Who were the Mortimers?

Warlike, ambitious and powerful, the Mortimers bestrode the medieval stage. Inextricably linked with the great events of their time, their story is the tale of a turbulent England racked with dissension, rebellion and open warfare at home and abroad. To read more about this amazing family click here

Upcoming Events

12th & 13th September 2015 - Reenactment of the Battle of Mortimer's Cross (1461) at Croft Castle, Herefordshire


Richard, Duke of York was the nephew and heir of Edmund Mortimer, the last Mortimer earl of March. He had been accepted as Protector of the Realm and the heir-apparent of the Lancastrian king Henry VI but there remained much antagonism towards him, particularly in the north. Seeking to subdue this opposition, with insufficient forces, he was killed in battle near Wakefield on 30th December 1460. His 18-year-old son, Edward, the new Duke of York, now led the opposition to the Lancastrians. After Christmas he moved swiftly with an army to prevent a western Lancastrian army under the earls of Pembroke and Wiltshire from joining the main Lancastrian forces. The two armies met at Mortimer's Cross near Edward's home at Wigmore on 2nd or 3rd February 1461. Before the battle a meteorological phenomenon known as a parhelion occurred which gave the appearance of there being three suns in the sky - see recent occurrences on Google Images! This frightened the Yorkist army somewhat, but Edward convinced them that it was a sign of the Trinity. They defeated the Lancastrians and Edward marched to London where he was declared king Edward IV in March. A key member of the Yorkist army was Sir Richard Croft of nearby Croft Castle, now a National Trust property.

Normal admission prices apply so it is free to National Trust members.



From left to right: Derwin Bennett ("The Royal Executioner"), Prof. David Carpenter, Dr Paul Dryburgh, Dr Ian Mortimer, Elizabeth Chadwick, Dr Matthew Stevens, Prof. Daniel Power & MHS Chairman Jason O'Keefe.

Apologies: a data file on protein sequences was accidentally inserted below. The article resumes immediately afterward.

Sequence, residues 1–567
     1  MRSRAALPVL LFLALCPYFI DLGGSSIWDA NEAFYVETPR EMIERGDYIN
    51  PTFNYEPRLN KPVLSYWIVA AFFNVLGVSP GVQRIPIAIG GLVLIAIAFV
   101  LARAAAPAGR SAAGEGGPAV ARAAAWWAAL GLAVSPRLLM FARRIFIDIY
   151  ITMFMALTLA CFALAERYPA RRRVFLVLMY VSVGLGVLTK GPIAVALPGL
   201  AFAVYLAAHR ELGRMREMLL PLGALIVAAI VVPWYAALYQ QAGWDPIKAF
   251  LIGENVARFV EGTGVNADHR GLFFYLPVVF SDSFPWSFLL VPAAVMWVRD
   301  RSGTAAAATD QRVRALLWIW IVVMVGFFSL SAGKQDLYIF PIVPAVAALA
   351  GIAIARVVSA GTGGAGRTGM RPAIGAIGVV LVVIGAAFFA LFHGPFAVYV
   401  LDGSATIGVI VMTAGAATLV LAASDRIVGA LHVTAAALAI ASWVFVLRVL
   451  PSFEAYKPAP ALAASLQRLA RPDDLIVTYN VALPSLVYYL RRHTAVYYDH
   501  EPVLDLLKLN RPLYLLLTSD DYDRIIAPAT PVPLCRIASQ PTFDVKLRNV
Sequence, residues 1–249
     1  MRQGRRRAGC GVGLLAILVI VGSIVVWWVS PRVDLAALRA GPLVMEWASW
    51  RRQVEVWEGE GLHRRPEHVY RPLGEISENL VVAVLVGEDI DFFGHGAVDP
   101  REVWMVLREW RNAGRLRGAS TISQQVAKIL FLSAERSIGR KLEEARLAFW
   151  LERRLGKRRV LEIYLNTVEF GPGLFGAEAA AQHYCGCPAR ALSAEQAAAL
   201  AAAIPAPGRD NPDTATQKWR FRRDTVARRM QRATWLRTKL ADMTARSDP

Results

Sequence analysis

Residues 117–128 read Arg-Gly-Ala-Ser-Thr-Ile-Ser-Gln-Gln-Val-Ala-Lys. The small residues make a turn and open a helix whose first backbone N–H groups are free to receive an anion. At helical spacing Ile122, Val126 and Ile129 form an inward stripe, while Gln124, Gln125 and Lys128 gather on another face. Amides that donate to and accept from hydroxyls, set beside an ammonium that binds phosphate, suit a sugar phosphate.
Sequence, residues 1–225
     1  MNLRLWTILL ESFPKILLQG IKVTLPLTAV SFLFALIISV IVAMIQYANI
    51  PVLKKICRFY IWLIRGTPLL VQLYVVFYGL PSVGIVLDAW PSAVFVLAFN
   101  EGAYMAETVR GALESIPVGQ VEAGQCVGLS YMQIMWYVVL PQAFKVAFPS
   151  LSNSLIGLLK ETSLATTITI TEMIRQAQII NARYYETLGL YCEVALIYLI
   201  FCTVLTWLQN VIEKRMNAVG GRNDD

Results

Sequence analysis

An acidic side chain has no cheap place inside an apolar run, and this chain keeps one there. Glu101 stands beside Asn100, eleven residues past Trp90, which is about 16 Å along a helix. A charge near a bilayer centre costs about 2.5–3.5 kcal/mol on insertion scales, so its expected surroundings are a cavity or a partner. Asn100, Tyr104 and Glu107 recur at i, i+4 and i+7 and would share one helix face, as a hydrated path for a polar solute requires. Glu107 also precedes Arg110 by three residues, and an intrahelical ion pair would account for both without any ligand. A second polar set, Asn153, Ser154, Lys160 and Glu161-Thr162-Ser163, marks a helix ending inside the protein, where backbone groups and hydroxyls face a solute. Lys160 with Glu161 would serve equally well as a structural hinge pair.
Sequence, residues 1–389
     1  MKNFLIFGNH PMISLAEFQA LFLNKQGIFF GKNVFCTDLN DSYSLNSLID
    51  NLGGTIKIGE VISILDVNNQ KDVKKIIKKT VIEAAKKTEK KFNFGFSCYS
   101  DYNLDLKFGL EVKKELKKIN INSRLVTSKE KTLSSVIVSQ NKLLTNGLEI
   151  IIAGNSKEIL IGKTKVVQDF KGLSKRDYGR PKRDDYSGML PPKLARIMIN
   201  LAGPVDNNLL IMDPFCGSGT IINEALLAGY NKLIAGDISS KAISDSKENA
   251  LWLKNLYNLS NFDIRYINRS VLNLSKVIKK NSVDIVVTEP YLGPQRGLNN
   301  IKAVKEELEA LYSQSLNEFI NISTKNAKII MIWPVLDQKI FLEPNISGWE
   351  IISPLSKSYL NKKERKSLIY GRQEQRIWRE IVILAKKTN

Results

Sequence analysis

For details of the conference click here


MHS is supporting the development of a brand new history trail covering Mortimer sites in the Middle Marches. It is the brainchild of our founder, John Grove who has provided the following information.

Everyone knows that the Mortimers were crucial figures in the history of the Marches. Few, perhaps, know that, as well as Wigmore Castle, there are a good number of other visible remains that are linked to the Mortimers. We have begun to develop a history trail in Mortimer country that will give individuals and families the opportunity to visit ten attractive villages and towns. The trail will include ten fine historic churches and eight castle sites. There will be a leaflet including a map and a guide but it will also be available in an online format which will be developed over time to include more and more Mortimer-related information. We hope this will lead visitors to a greater interest in the Mortimers and urge them to join the Society and make use of the website which covers many more Mortimer castles, churches, places and 'things' not only in England but also in Wales, Ireland and Normandy. 

The ten places to be included in the trail are Ludlow, Richard's Castle, Orleton, Kingsland, Pembridge, Presteigne, Lingen, Shobdon, Wigmore and Leintwardine.
Our hope is that, once the trail is completed, it will be recognised as one of the best medieval history trails in Britain. If you would like to help in any way, especially if you live in Herefordshire or Shropshire, do contact the coordinator John Grove. john.grove37@gmail.com